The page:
A Class Act: Leveraging Industry Insights For More Agile Blockchain Education

Industry-informed blockchain education offerings are central to the sustained success of the global DLT ecosystem, writes Gibraltar’s Minister for Digital and Financial Services, Hon. Albert Isola M.P.

For blockchain advocates the world over, encouraging educational pursuits around Distributed Ledger Technology (DLT) should be a top priority for 2020. The intrinsic link between accessible, dynamic education offerings and a thriving technology sector is undisputed, ensuring a balance between supply and demand for skilled professionals, while helping students sharpen their computational thinking and hone problem solving and teamwork skills. The rapid evolution of DLT in our shared society calls for a strategic approach to delivering quality course content to students worldwide. However, institutions don’t have to go it alone; they should embrace the wealth of knowledge and expertise held by industry leaders to build agile curricula.

While global regulatory movements haven’t been as decisive and brisk as some would like, this should not impede the progress of educational institutions in curating bespoke programs that can equip students with the necessary skills to thrive in the years ahead. In an ideal world, the legwork behind establishing clear regulations takes place alongside educational strides.

More broadly, it could be argued that international regulatory advances haven’t kept up with the technological advances made by DLT projects, but this time-lag cannot, and must not, extend to the education sphere.

It is widely understood that regulatory frameworks take time to be implemented, but in the interim, the pursuit of DLT education initiatives should be championed to ensure aspiring blockchain projects have a sizable and energized talent pool to draw upon. 

Commercially, it also makes sense for education institutions to put their weight behind DLT in 2020, as highlighted by LinkedIn’s recent report which positioned blockchain atop the list of the most in-demand hard skills. This trend has endured over the last number of years, with a litany of reports giving expression to the value of blockchain skills in the workplace and the lucrative opportunities awaiting those who set out on a DLT career trajectory.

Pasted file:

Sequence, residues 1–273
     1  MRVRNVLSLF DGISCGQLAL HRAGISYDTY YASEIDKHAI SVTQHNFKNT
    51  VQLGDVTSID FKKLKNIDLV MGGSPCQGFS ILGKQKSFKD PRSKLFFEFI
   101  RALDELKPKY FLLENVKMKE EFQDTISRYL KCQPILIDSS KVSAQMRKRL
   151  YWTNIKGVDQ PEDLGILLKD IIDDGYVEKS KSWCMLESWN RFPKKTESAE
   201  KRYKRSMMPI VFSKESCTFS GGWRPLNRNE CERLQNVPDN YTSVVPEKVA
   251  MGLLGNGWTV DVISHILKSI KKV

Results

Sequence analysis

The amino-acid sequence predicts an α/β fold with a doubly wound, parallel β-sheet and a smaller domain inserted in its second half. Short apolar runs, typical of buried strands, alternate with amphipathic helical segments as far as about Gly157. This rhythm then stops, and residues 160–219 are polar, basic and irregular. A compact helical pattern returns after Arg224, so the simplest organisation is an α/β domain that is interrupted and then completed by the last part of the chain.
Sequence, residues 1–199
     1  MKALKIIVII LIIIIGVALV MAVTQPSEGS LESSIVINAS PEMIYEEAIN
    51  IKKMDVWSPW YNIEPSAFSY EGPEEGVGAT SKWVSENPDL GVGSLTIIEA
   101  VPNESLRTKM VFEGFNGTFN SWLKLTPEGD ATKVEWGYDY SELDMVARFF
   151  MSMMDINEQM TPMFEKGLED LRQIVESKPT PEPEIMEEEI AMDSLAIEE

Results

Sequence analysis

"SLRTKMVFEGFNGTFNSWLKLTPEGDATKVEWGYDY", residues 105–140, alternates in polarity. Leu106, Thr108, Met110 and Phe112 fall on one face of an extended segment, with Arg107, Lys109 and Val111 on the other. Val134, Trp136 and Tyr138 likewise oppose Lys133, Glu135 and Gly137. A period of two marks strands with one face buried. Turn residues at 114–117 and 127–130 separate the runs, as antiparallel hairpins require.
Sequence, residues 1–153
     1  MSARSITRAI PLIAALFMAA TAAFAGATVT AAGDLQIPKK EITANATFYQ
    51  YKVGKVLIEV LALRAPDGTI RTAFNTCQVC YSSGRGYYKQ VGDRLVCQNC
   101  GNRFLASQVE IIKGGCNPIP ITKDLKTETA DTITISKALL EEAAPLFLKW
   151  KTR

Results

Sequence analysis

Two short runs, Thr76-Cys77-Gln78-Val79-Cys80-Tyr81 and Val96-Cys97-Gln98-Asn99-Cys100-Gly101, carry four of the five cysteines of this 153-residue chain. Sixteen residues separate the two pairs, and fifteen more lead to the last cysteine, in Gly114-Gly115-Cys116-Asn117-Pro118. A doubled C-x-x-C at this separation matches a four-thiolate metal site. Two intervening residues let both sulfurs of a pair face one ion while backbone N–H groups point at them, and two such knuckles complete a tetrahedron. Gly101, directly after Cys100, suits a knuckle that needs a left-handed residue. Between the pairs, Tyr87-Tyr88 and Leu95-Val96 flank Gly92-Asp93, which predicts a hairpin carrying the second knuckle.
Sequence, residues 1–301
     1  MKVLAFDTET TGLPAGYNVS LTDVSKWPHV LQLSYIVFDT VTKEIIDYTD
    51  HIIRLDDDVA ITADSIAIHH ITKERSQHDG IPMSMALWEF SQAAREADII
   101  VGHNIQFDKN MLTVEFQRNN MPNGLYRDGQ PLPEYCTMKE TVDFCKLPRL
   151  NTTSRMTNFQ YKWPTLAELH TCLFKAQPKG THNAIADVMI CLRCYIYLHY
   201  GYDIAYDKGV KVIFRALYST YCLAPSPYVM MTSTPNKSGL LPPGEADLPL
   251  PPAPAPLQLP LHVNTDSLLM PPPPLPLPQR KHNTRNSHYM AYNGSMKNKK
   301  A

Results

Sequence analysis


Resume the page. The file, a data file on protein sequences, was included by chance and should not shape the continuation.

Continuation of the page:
Thankfully, we’re far from starting at ground zero, with solid foundations already being laid across the global network of universities and education providers. The subject matter has gone from niche to orthodox, with DLT course content populating the prospectuses of many colleges around the world, from Stanford to the University of Pennsylvania, and the University of Gibraltar. A Coinbase report from August 2019 highlighted an increase in blockchain-related courses among the top 50 universities; up from 42% in 2018 to 56% in 2019.

Many of the leading courses employ a particular strategy when formulating blockchain curricula —  harnessing the expertise of industry professionals to inform the direction of course content. This ensures that the latest use-cases and techniques are explored rigorously. If a university is going to pour significant resources into establishing a DLT strand within their prospectus, it is worth leveraging the insights of blockchain professionals who can articulate the granular DLT details in a digestible manner.

The chance for universities to cultivate partnerships with other institutions, and indeed blockchain platforms, is also there for the taking. These mutually-beneficial partnerships can breathe life into projects, and give course directors unrivaled insights to help create evolving program material. Such collaboration, for example, has enabled the University of Gibraltar to strike a partnership with Huobi Academy, and help launch the New Technologies in Education (NTiE) group. 

On the international stage, the vibrancy within the Blockchain Education Alliance is encouraging. The Alliance represents a consortium of blockchain industry entities that seek to support education, research, and entrepreneurship globally. With the likes of MasterCard and Binance X joining the alliance in recent weeks, the depth of their roster continues to deepen, signalling the growing intent of industry leaders to play a role in directing the future of blockchain education. 

With a buoyant jobs market, increased participation from global entities, and high demand for blockchain skills in the workplace, the conditions are in our favor for further expansion of the blockchain education landscape in 2020. There is a willingness within industry to contribute to this effort, embracing the collaborative spirit of decentralization to create education offerings that are fit for purpose, fit for the future.

The views and opinions expressed herein are the views and opinions of the author and do not necessarily reflect those of Nasdaq, Inc.